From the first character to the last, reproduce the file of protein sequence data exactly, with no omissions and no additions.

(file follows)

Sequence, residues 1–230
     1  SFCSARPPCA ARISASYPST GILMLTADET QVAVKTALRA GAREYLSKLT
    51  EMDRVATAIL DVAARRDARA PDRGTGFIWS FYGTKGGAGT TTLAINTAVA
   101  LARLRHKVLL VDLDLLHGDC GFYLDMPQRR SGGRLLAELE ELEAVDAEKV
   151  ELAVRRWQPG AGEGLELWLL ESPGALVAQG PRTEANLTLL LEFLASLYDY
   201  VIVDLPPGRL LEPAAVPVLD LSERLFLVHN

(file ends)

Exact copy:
Sequence, residues 1–230
     1  SFCSARPPCA ARISASYPST GILMLTADET QVAVKTALRA GAREYLSKLT
    51  EMDRVATAIL DVAARRDARA PDRGTGFIWS FYGTKGGAGT TTLAINTAVA
   101  LARLRHKVLL VDLDLLHGDC GFYLDMPQRR SGGRLLAELE ELEAVDAEKV
   151  ELAVRRWQPG AGEGLELWLL ESPGALVAQG PRTEANLTLL LEFLASLYDY
   201  VIVDLPPGRL LEPAAVPVLD LSERLFLVHN